We awoke to stormy skies and wind this morning. Our plan had been to leave for White Sands by 11:00 and try to get some of the afternoon light while we visited the monument. By then, it had begun to clear, but the wind dogged us the entire day. However, that is the nature of the beast whenever dunes are near, and so we just went with it. It was difficult to take pictures, however, because the sand was extremely fine, and we worried about it seeping into the workings of our cameras. We limited the cameras' exposure and didn't take many shots. Still, I do have a web album for you, and the link is at the bottom of this entry.
This was a very interesting landscape. The sand was white as snow, as promised in the name. To get there, we drove north across the White Sands Missile Range. The park was established in 1933 in order to protect the dunes themselves. Otherwise, this is a place where the military fires off missiles and it sometimes means that the park is closed for a few hours at a time. It is possible to check this schedule, however, and apparently no firings were planned for today. Mike kept whining about wanting to see a missile, and I told him it probably was best if we didn't see one.
Most of the world's sand is made from quartz, which is a hard silicon mineral. The dunes of the White Sands are unique because they form the world's largest gypsum dune field. Brief, but heavy, summer rains dissolve calcium and sulfur from the surrounding mountains. The area receives moisture from rains and also from snowmelt. Ordinarily, rivers would carry this material to the sea, but there are no rivers in this area. Moisture collects in shallow depressions (playas) and then either soaks into the ground or evaporates. As the water evaporates, the mineral concentration is higher and eventually dries up to form gypsum (calcium sulfate).
There is a lake in the area (Lake Lucero) which can only be seen on a once-monthly ranger-led tour (because it takes you out onto the missile range). Along the shores of this lake and also on the alkali flats (four-mile hike) west of the dunes, beds of large crystals up to four-feet long cover the ground. These crystals are eventually eroded into a fine gypsum powder. Strong winds (like the ones we witnessed today) blow sugar-fine grains of gypsum northeasterly across the basin. These grains rub against one another turning them white. Winds of over 50 miles per hour are common in the spring. Mike estimated the winds today to be 10-15 miles per hour with gusts up to 30 miles per hour.
Despite the wind, we still took a short hike (one mile) on the Dune Life Nature Trail. It was very windy but still warm, making it easily tolerable. The trail was marked with huge creosote-type logs, but we imagine a ranger must check the trail fairly frequently to make sure the trail markers are still visible. Although we made big footprints, they were covered over by blowing sand in less than 30 seconds.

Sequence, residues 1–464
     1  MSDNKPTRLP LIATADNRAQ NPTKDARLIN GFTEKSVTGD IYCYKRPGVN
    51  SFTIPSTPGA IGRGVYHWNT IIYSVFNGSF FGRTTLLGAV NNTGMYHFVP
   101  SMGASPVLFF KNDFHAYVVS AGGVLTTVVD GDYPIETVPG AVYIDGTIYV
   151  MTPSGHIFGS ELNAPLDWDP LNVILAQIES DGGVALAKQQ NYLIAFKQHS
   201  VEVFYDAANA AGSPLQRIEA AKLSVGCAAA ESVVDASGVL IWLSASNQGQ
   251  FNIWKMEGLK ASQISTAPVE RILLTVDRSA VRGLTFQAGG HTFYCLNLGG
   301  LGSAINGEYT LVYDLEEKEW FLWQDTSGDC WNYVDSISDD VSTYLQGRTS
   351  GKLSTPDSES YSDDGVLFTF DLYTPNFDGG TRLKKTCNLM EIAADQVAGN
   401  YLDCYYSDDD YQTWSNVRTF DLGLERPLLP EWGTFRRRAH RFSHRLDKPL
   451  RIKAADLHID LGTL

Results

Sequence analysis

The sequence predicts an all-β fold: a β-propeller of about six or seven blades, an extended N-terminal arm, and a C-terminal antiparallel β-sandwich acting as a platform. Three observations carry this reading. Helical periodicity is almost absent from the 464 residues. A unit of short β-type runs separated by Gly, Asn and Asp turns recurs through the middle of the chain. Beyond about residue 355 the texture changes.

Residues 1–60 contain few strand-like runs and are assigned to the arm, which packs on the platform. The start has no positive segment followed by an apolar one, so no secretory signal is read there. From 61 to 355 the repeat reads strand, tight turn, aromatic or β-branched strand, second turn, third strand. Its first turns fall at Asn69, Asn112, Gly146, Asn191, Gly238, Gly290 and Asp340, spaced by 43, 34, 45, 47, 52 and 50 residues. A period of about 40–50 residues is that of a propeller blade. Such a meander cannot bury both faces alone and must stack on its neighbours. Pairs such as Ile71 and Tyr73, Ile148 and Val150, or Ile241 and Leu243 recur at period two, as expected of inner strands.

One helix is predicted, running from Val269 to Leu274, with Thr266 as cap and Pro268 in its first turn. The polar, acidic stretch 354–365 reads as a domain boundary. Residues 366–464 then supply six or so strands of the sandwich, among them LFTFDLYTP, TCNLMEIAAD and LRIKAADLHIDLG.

We were able to see the many species of plants that grow in this area and that have been able to evolve to tolerate the highly alkaline soil. Two species are the Rio Grande Cottonwood trees and also the Soap Tree Yucca (the New Mexico state flower). We were told that these plants survive the ever advancing dunes by keeping at least some of their foliage above the sand. I have included pictures of these yucca, and even though these appear to be 2-foot plants, they are actually potentially 32-foot plants that have managed to grow fast enough to stay above the sand. Same goes for the Cottonwood trees. Of course, the trees have lost their leaves for the winter, but in the fall, they provide some color as their leaves turn orange.
Also, we came to some areas of the sand that appeared to be littered with pebbles of varying sizes. These were actually fragments of fossilized roots--the remains of roots and stems that were once encased in gypsum sand pedestals. (Some of the grass-type plants are able to maintain their hold on the ever-drifing sand, and so pedestals form in the sand.) Some of these fossils were merely filled gaps in the wood structure while in others, the wood fibers were still intact and encased in the gypsum. Very cool. I did pick up one of the larger ones we saw. It had some darker areas on the bottom. We were touching them and trying to figure out what they were, when we dislodged a spider that was apparently using it for his home. We put it back where we found it and let the spider get on with this life. We also came across some Hoary Rosemarymint that had a sweet mint-type scent and some Rubber Rabbitbrush that derives its name from its sap, which contains latex. It was very rubbery and flexible, but the latex sap lacks sufficient quantity to make the plant commercially viable. (Smart plant.)
We enjoyed our trip to the dunes today, and it was a unique experience from other parks/monuments we've seen. Oh yes, I didn't get any pictures of the Rio Grande Cottonwoods, but they are the largest plants found within the dune field. They attract a variety of wildlife because of their size and they are very gnarly in appearance. The pictures aren't anything special, but hopefully, you can get an idea what we saw. Here is the link. Enjoy:
We will be moving on to Guadalupe Mountains National Park tomorrow, weather permitting. This park is at a rather high elevation, and so we can only visit if there is no snow. It is a rather remote park on the way to Carlsbad, New Mexico, where we plan to visit Carlsbad Caverns NP. Guadalupe Mountains NP is actually in Texas, and the road to Carlsbad takes us through El Paso and the tippy-top of state of Texas. We plan to stay in the park, and so it is probable that we will be out of internet and cell range. If you don't hear from us for a couple of days, that will be why.